April 8, 2011

Weekend Project: Creating Qt Interfaces with GIMP


Interface design for GUI applications is seldom easy in open source projects. There are a number of valid reasons: interface designers are scarce in comparison to developers, and usability testing isn't always possible the way it is for proprietary software shops,for example. But the tools don't always keep pace with the rest of the platform, either, which is part of why Qt's GIMP QML Exporter is so interesting. Rather than a stand-alone interface builder, it lets the developer design the interface directly in GIMP, and directly export it as usable code.


Getting Set Up: GIMP, Qt Quick and QML

GIMP QML Exporter is a GIMP script written in Python; you can download it from the Qt Gitorious repository. To install it, simply copy the qmlexporter.py file to the .gimp-2.6/plug-ins folder inside your home directory, and make sure to give the script execute permission. When you load GIMP, the script places an "Export to QML" entry in the File menu. The Gitorious tree also includes an example .XCF image file and QML (Qt Meta-object Language) output generated from it.Qt Creator Design

QML is a user interface language modeled on JavaScript and CSS that Nokia introduced with Qt 4.7. The syntax is very JavaScript-like, focusing on visual UI elements (raster images, rectangles, text labels, etc) with easily accessible properties (color, source, transparency, etc), and straightforward animations and transformations. In addition, you can interact with QML elements either through standard JavaScript or through hooks provided by Qt itself.

In order to write a QML-driven application, you will need to get the Qt Quick development kit from Qt. It includes QML documentation and examples, a run-time QML interpreter named Qt Declarative, and the latest version of the Qt Creator IDE. When you install Qt Creator, you will still need to click on a button in the main window to confirm enabling the "experimental" Qt Quick design component. After you do so, the "Design" tab on the left becomes activated, and you can use it to inspect QML layouts.


With the Qt Quick environment set up, launch GIMP and start drawing your interface. Each individual layer that you create in the XCF file will be transformed by the QML Exporter script into a separate QML "Image" object. The script will place it correctly on the coordinate grid, give it an object ID name corresponding to the layer name in the original file, and even assign the correct transparency via the opacity property. And that really does mean every layer: if you draw a button on one layer and add a drop shadow on a layer beneath it, they will both be created as Images.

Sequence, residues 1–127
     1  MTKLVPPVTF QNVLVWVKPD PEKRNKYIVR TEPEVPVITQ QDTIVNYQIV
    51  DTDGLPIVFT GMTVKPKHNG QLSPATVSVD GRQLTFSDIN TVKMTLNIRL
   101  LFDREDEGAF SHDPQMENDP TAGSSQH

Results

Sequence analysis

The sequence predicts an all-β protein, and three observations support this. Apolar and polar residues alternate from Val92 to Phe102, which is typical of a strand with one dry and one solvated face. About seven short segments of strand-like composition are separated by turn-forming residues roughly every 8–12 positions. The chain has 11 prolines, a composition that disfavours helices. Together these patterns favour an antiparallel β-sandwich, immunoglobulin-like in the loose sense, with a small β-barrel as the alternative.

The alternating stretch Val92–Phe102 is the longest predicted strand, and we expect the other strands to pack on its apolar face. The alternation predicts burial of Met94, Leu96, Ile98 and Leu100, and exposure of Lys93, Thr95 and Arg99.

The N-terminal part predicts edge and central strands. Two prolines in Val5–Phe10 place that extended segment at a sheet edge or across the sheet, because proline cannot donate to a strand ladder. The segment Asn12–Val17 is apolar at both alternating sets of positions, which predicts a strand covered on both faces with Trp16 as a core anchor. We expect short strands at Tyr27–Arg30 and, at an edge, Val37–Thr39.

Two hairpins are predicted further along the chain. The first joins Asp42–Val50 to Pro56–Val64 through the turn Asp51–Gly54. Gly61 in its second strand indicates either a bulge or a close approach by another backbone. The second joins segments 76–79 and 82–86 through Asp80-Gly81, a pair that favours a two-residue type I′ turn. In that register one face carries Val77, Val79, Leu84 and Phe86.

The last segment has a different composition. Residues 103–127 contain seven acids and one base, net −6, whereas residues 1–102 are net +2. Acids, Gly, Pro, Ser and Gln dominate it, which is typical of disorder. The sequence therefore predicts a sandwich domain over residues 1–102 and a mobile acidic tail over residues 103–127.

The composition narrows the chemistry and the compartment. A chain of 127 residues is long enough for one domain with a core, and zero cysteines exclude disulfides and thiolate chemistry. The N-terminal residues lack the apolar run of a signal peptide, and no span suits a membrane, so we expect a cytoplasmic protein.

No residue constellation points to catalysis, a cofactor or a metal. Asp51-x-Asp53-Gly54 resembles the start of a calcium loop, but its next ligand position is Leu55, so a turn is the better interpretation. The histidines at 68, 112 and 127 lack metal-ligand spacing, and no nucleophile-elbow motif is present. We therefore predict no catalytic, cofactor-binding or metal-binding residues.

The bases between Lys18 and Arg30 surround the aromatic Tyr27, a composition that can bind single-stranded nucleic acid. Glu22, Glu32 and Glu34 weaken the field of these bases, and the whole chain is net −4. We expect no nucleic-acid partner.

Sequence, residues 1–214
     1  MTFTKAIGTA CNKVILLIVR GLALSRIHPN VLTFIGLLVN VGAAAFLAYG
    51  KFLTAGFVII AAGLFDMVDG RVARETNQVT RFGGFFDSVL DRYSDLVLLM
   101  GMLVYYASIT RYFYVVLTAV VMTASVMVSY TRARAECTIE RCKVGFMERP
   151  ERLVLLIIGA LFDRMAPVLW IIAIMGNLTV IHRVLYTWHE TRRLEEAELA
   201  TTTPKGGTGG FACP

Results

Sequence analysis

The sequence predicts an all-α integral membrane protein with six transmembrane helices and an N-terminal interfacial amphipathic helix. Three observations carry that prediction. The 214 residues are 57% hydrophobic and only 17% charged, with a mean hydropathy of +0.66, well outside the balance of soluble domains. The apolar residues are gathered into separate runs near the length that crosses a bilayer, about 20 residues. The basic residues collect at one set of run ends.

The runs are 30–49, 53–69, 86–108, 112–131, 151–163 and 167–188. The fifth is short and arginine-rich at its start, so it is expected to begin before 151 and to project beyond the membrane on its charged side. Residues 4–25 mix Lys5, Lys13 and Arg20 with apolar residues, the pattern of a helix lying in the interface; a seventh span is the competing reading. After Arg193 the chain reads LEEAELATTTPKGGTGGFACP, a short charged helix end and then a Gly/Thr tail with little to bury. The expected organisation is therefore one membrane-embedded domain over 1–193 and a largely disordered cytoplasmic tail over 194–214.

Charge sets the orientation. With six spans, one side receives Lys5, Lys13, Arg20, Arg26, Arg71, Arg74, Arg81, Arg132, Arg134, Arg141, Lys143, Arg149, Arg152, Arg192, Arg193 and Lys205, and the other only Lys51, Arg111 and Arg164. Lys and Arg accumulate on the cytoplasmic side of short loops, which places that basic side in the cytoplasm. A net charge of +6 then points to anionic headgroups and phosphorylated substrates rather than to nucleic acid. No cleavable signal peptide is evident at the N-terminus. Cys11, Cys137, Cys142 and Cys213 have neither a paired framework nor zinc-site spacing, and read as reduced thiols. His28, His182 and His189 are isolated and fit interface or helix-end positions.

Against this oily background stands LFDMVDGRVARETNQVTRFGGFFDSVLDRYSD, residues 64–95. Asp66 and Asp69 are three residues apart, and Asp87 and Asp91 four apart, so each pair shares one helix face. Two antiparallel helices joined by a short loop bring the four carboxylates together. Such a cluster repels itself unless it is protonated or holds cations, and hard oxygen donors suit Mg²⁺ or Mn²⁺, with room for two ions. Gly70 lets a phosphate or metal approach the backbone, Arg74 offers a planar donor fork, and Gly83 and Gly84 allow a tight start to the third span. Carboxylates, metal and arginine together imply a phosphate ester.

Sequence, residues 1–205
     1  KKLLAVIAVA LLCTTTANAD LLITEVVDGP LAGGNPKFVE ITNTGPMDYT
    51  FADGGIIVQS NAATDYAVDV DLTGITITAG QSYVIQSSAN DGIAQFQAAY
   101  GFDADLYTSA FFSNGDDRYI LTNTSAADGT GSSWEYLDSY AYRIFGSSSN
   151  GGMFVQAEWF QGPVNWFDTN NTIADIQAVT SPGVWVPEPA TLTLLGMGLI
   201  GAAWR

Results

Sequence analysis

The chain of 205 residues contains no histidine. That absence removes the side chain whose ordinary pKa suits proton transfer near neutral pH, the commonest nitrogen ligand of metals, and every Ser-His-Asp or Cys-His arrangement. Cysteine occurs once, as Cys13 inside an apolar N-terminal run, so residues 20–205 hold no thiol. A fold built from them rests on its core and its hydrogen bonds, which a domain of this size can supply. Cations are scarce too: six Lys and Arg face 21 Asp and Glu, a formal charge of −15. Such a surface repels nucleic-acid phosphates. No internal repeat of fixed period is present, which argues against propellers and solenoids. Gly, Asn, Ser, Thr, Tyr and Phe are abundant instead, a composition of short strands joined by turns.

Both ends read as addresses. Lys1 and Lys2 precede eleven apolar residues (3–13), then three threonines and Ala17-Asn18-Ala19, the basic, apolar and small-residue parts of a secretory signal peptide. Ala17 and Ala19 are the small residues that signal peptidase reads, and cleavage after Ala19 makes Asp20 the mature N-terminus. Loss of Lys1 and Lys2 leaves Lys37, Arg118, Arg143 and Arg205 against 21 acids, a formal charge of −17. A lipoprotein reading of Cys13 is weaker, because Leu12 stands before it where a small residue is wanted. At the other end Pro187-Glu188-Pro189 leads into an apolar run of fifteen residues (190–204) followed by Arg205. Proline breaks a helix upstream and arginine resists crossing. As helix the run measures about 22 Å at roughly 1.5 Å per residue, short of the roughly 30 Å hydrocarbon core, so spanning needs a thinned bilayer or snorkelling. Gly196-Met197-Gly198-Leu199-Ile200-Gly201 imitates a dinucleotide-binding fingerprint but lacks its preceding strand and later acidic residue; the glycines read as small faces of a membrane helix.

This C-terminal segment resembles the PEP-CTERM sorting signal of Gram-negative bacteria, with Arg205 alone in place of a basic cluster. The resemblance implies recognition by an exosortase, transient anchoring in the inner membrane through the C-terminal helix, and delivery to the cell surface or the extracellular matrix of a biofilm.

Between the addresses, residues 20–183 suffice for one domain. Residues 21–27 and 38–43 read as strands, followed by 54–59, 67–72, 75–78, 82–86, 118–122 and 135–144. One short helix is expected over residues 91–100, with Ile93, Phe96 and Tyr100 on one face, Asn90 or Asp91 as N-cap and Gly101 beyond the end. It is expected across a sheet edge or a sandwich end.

QML Exporter ScriptThere are two side-effects of this script behavior. First, if you have a compound image that you want rendered as a single piece (say, a background with several image elements or effects within it), you will want to merge those layers before you call the QML Exporter script. Second, remember that GIMP doesn't force you to give convenient names to your layers. So if you build a slew of buttons and status icons into your design, but leave them all with unhelpful auto-generated names like "Layer 15" and "Layer 6 copy," you're going to end up with "Layer 15" and "Layer 6 copy" as the QML object IDs in your code, and you'll increase your own workload trying to maintain it.

Still, most of the time it is nice that QML Exporter renders each object individually, because you can control most of the object properties through QML itself. For example, if you had a way to export your button and drop shadow as a single image, you'd be forever stuck with whatever opacity you originally chose for the shadow in GIMP. On the other hand, because the button and shadow are separate objects in QML, if you decide to change the opacity from 40% to 30%, all you have to do is change opacity: 0.4 to opacity: 0.3 in Qt Creator.